The Cielo website has an online configurator that allows you to play around with shape and colour. Each element is priced separately but, to give a notion of the prices, the one I liked best broke down as follows: Catino Oval washbasin (€794); Framework in matt black (€883); marble shelf (€667).
Aesthetics aside, handwashing is an act of hygiene and this too has a bearing on design. Touch-free tech has been a feature of public bathrooms for a while. Will we see it emerging in people's homes? "Definitely," Murphy says. "It's a totally changed world. The thing that people want now is contactless. If it's infrared, then they don't have to touch it." In public bathrooms, almost everything can be touch-free: taps, flush mechanisms, towel dispensers, soap dispensers, bins with a sensor opening, and mirrors that light up when you come close to them.
At home, there's no need to be quite so hands-off. "Contactless taps and flush mechanisms are a no-brainer. We've been installing them in people's homes for a while, but mostly for the elderly and the less-abled. Now everyone wants them."
There seems to be no benchmark for the price for contactless taps. There's one on Wish for €25. It includes a Chinese user manual. Then, at the other end of the scale, the super-sexy Airblade Wash+Dry from Dyson costs €1,720. The rest are somewhere in between and their designs are similarly various.
My favourite is Arne Jacobsen's Vola mixer tap, designed in 1968 and reconfigured as a contactless tap in 2014. It works brilliantly, mainly because the original design was so foresighted. All the mechanical parts of the mixer were hidden in the wall, leaving only the handles and spout exposed. The touch-free version is innovative, but designed in the spirit of the original. And there's something marvellous about a touch-free tap from beyond the grave.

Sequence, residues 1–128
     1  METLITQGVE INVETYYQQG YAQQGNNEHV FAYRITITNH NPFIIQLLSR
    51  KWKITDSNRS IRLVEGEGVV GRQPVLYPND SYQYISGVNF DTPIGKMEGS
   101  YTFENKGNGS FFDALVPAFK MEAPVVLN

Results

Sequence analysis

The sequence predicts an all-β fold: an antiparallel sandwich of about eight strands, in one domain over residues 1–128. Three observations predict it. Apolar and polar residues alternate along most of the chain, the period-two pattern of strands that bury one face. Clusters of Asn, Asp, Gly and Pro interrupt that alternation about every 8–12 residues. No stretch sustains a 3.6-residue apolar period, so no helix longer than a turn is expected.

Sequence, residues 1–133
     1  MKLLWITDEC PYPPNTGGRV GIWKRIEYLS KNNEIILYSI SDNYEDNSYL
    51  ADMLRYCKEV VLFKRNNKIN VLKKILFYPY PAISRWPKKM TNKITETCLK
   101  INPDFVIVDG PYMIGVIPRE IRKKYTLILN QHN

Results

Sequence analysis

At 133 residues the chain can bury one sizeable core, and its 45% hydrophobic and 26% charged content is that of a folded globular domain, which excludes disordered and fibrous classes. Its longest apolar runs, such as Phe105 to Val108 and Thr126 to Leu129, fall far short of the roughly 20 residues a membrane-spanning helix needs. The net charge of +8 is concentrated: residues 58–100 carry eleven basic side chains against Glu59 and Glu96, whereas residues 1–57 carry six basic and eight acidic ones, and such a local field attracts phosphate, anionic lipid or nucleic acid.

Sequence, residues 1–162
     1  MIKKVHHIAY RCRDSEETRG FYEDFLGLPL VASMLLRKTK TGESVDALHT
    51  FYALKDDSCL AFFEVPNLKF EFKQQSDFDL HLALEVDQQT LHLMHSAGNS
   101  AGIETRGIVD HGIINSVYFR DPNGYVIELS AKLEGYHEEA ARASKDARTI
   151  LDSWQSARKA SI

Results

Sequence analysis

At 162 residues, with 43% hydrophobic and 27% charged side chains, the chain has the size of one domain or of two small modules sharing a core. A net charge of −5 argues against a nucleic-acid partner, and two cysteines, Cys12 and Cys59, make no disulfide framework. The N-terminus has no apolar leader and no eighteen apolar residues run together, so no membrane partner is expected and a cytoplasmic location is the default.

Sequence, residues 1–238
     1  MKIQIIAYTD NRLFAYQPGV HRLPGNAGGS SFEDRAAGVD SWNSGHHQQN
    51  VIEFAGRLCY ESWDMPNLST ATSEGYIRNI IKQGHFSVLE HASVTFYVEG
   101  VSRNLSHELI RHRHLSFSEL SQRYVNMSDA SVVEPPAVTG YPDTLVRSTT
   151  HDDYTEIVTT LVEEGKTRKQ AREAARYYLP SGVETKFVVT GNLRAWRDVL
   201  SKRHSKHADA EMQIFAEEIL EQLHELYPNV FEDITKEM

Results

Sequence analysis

One of the drawbacks of contactless taps is they can be difficult to activate if you're not used to them. I once spent several uncomfortable minutes in a guest bathroom, flapping soapy hands to no avail, while the host shouted instructions from the hallway. Or, and this is a much more serious issue, they can be turned on accidentally.
"The really important thing is to have a thermostatic mixing valve so that there are no scald issues," says Murphy, who has some horror stories about scalded children. A thermostatic mixing valve (TMV) regulates the temperature of water coming out of a tap and can, quite literally be a life-saver. Many new taps come with this technology - infrared mixer taps start at €250 - but a TMV can also be retrofitted for less than €50 per tap.
Murphy also predicts a rise in the use of antibacterial materials like Krion, which can be used to make countertops, but also basins and sinks. But he reckons that the unhygienic communal hand towel is here to stay.
"I can't see people switching to hand-driers. We'll always share towels, but we'll change them more frequently. It's no longer the case that the cloakroom towel will be there for the week."
See tilestyle.ie, dyson.ie, bleuprovence.it, ceramicacielo.it.